Would humanity be helped by deploying technologies to modify solar radiation in such a way as to slow global warming, while also creating complex problems? A team of researchers with participation from the IASS has reviewed the current state of knowledge on solar radiation modification. The resulting study offers an overview of how geo-engineering interventions could affect efforts to achieve the SDGs.
The international community's current plans to reduce greenhouse gas emissions do not go far enough to curb global warming. As a result, many governments are considering the use of so-called "negative emissions technologies" that would remove carbon dioxide from the atmosphere and sequester the captured emissions. A new study outlines some of the strategies available to open up the current debate around these emerging technologies with the aim of developing a responsible regulatory framework for their use.
Climate change is gaining prominence as a political and public priority. But many ambitious climate action plans foresee the use of climate engineering technologies whose risks are insufficiently understood. In a new publication, IASS researchers describe how evolving modelling practices are trending towards “best-case” projections.
In order to avert the worst consequences of climate change, the Paris Climate Agreement aims to limit global warming to well below 2°C and, if possible, to 1.5°C. But this goal will only be achieved if the signatory states reduce their emissions considerably more than they have pledged so far under the agreement. Could climate geoengineering be a Plan B if they fail to deliver? A team of authors led by IASS Scientific Director Mark Lawrence argue in an article just published in Nature Communications that the proposed technologies cannot be relied on to rescue the Paris Agreement and the 2°C goal.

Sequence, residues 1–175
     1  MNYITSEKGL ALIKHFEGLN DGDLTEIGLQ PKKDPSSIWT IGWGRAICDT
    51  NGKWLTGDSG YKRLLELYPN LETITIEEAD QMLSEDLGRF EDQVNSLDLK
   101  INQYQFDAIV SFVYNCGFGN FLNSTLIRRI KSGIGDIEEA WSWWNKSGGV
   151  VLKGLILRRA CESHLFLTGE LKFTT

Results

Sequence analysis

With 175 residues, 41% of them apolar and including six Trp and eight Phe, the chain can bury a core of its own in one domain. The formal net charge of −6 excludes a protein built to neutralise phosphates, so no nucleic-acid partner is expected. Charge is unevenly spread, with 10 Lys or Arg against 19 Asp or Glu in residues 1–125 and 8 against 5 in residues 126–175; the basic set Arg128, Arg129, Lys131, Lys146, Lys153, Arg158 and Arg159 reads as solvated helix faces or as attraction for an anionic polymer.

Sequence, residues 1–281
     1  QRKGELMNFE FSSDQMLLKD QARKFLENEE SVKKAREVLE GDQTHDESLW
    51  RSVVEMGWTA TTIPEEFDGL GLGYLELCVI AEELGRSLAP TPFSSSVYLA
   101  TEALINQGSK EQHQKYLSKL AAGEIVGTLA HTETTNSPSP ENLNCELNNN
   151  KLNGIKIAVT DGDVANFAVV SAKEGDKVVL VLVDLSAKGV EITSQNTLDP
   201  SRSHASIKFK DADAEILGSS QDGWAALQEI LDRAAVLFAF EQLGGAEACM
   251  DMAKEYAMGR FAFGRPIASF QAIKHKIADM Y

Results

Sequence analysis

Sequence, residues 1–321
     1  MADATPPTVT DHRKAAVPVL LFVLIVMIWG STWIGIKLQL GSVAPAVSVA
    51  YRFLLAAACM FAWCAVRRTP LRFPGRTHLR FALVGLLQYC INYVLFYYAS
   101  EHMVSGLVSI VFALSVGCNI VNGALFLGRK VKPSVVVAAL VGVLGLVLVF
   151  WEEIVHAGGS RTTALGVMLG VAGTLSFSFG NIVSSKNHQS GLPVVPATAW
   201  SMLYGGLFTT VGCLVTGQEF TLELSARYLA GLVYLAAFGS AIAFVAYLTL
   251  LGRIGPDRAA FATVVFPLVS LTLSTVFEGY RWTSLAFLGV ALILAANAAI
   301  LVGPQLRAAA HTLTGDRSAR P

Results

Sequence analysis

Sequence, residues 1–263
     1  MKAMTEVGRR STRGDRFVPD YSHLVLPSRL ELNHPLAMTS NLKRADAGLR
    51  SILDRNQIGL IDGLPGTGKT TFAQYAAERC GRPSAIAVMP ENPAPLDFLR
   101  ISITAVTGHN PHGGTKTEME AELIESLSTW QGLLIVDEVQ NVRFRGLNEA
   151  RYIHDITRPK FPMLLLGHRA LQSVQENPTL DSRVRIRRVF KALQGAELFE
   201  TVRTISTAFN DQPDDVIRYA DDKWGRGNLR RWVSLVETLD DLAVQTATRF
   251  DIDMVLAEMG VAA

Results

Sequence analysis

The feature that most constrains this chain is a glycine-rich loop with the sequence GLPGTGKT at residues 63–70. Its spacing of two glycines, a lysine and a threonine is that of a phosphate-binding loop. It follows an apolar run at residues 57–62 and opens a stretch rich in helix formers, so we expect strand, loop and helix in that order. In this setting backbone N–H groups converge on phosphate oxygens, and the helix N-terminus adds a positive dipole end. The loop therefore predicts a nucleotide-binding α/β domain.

Despite extensive efforts among members of the international community and the historical agreement reached in Paris in 2015, greenhouse gases continue to be emitted in vast amounts, with potentially devastating consequences around the world.
The 2018 COP24 climate conference in Katowice, Poland is over. Looking back at what has been achieved in the three years since the historical Paris Agreement reminds me a bit of the John Lennon lyrics: “So this is Christmas - and what have you done? Another year over, and a new one just begun.” While the conference was indeed successful in coming to an agreement over the rule book for how to account for countries upholding their commitments to limiting climate-relevant emissions under the Paris Agreement, there were no real breakthroughs.It is reassuring that the rule book was achieved, despite the considerable resistance from several countries, though it is exactly what was on the plan for this round of negotiations. Thus COP24 was another milestone in the steady progress being made towards implementing measures intended to help us achieve the chief goal of the Paris Agreement: keeping global warming well below 2°C, aiming to limit it to only 1.5°C.
Environmentalists are often critical of technological fixes to problems caused by technology. But when it comes to geo-engineering, a clear distinction needs to be made between the message and the messenger.
Let’s say you don’t exercise enough, eat too much snack food, and get drunk too often. Then your doctor tells you he’s putting you on medication for high blood pressure. Would you accuse your doctor of being part of an evil conspiracy?
Research into technologies for manipulating the planetary environment in order to forestall the effects of climate change is rapidly proceeding from small laboratory and desktop studies to the field. Concurrent with these developments, there have been calls for the establishment of governance mechanisms to ensure that the risks and concerns that this research presents are addressed appropriately, given the complex issues at stake.